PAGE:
Source: The Journal of Parasitology - Category: Parasitology Authors: Tags: J Parasitol Source Type: research
In this study, we applied complementary in silico approaches to modeling how Anaplasma phagocytophilum infection modulates tick vector regulome. This proof-of-concept research provided support for the use of network analysis in the study of regulome response to infection, resulting in new information on tick-pathogen interactions and potential targets for developing interventions for the control of tick infestations and pathogen transmission. Deciphering the precise nature of circuits that shape the tick regulome in response to pathogen infection is an area of research that in the future will advance our knowledge of tick-...
Source: Frontiers in Physiology - Category: Physiology Source Type: research
Abstract Climate warming and other environmental changes have contributed to the expansion of the range of several tick species into higher latitudes in North America. As temperatures increase in Canada, the environment becomes more suitable for ticks and the season suitable for tick activity lengthens, so tick-borne diseases are likely to become more common in Canada. In addition to Lyme disease, four other tick-borne diseases (TBDs) have started to emerge and are likely to increase: Anaplasmosis; Babesiosis; Powassan virus; and Borrelia miyamotoi disease. Increased temperature increases the survival and activity...
Source: Can Commun Dis Rep - Category: Infectious Diseases Authors: Tags: Can Commun Dis Rep Source Type: research
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Source: Ticks and Tick borne Diseases - Category: Zoology Source Type: research
Publication date: Available online 31 January 2018 Source:Ticks and Tick-borne Diseases Author(s): Lars Eisen The blacklegged tick, Ixodes scapularis, is the primary vector to humans in the eastern United States of the deer tick virus lineage of Powassan virus (Powassan virus disease); the protozoan parasite Babesia microti (babesiosis); and multiple bacterial disease agents including Anaplasma phagocytophilum (anaplasmosis), Borrelia burgdorferi and Borrelia mayonii (Lyme disease), Borrelia miyamotoi (relapsing fever-like illness, named Borrelia miyamotoi disease), and Ehrlichia muris eauclairensis (a minor causative age...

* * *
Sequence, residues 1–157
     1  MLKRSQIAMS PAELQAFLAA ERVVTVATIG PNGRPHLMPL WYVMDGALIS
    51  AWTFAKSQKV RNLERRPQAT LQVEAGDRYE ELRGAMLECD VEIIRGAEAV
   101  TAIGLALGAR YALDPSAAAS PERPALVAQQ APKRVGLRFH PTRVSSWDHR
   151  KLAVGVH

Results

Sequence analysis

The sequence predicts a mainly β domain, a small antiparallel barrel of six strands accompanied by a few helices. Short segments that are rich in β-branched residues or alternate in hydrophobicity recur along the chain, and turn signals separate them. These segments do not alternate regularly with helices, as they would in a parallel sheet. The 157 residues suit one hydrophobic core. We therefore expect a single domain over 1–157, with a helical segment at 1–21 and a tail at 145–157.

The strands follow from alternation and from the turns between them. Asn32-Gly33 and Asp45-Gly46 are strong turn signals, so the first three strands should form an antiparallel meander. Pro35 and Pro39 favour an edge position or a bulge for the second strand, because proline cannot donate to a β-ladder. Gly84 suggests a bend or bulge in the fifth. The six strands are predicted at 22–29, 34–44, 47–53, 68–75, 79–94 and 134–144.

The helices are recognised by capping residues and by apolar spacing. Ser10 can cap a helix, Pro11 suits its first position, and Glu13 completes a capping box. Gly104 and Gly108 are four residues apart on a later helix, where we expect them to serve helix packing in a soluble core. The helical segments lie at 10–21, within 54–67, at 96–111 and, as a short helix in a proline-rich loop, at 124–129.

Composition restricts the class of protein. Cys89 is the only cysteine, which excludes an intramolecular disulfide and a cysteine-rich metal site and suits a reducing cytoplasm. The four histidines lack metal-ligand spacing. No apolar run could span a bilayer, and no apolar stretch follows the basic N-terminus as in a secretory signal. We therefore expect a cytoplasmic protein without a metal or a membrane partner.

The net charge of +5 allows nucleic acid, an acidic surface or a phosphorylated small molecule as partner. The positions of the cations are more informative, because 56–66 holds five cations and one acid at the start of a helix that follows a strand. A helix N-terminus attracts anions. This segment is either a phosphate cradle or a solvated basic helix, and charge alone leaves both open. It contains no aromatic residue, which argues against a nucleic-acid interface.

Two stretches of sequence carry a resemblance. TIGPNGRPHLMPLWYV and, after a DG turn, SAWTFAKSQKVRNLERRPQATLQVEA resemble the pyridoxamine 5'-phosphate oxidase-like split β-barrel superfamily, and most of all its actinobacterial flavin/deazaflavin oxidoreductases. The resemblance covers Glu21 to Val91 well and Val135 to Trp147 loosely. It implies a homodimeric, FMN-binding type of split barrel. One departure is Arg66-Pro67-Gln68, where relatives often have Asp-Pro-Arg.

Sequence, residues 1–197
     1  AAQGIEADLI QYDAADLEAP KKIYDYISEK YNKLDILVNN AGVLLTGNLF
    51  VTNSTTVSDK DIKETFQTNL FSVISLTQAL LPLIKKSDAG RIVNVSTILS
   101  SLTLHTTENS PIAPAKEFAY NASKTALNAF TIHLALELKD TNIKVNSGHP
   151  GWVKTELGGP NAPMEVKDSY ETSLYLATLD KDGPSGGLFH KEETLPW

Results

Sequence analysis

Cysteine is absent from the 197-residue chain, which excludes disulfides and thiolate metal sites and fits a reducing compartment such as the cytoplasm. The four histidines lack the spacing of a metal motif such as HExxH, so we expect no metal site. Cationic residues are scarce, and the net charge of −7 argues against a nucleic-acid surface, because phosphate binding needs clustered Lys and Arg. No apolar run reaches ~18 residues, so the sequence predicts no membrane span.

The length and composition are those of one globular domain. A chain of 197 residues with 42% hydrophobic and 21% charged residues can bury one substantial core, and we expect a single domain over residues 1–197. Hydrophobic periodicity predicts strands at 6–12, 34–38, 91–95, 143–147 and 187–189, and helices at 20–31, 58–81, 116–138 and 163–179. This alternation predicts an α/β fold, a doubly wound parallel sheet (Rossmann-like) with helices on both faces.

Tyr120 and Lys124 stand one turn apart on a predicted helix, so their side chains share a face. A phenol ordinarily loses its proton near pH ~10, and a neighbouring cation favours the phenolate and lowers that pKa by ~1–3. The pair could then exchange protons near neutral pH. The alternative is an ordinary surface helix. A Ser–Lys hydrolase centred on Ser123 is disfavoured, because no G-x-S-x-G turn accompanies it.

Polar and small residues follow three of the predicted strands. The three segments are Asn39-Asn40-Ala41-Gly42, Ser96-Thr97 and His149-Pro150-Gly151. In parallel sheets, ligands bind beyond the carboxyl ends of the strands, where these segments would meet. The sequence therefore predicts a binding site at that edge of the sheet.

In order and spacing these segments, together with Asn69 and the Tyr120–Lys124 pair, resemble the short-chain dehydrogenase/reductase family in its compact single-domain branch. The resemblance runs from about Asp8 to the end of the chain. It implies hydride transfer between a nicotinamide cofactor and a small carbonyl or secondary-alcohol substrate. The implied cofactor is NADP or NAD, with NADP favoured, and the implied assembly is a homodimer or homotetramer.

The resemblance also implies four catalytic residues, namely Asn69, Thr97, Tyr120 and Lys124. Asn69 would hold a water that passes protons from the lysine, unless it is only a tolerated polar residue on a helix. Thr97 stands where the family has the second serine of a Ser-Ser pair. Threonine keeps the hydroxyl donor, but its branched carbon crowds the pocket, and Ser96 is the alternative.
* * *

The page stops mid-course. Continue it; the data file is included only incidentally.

Source: Ticks and Tick borne Diseases - Category: Zoology Source Type: research
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Source: Ticks and Tick borne Diseases - Category: Zoology Source Type: research
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Source: Ticks and Tick borne Diseases - Category: Zoology Source Type: research
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Source: Harvard Health Blog - Category: Consumer Health News Authors: Tags: Health Infectious diseases Prevention Safety Travel health Source Type: blogs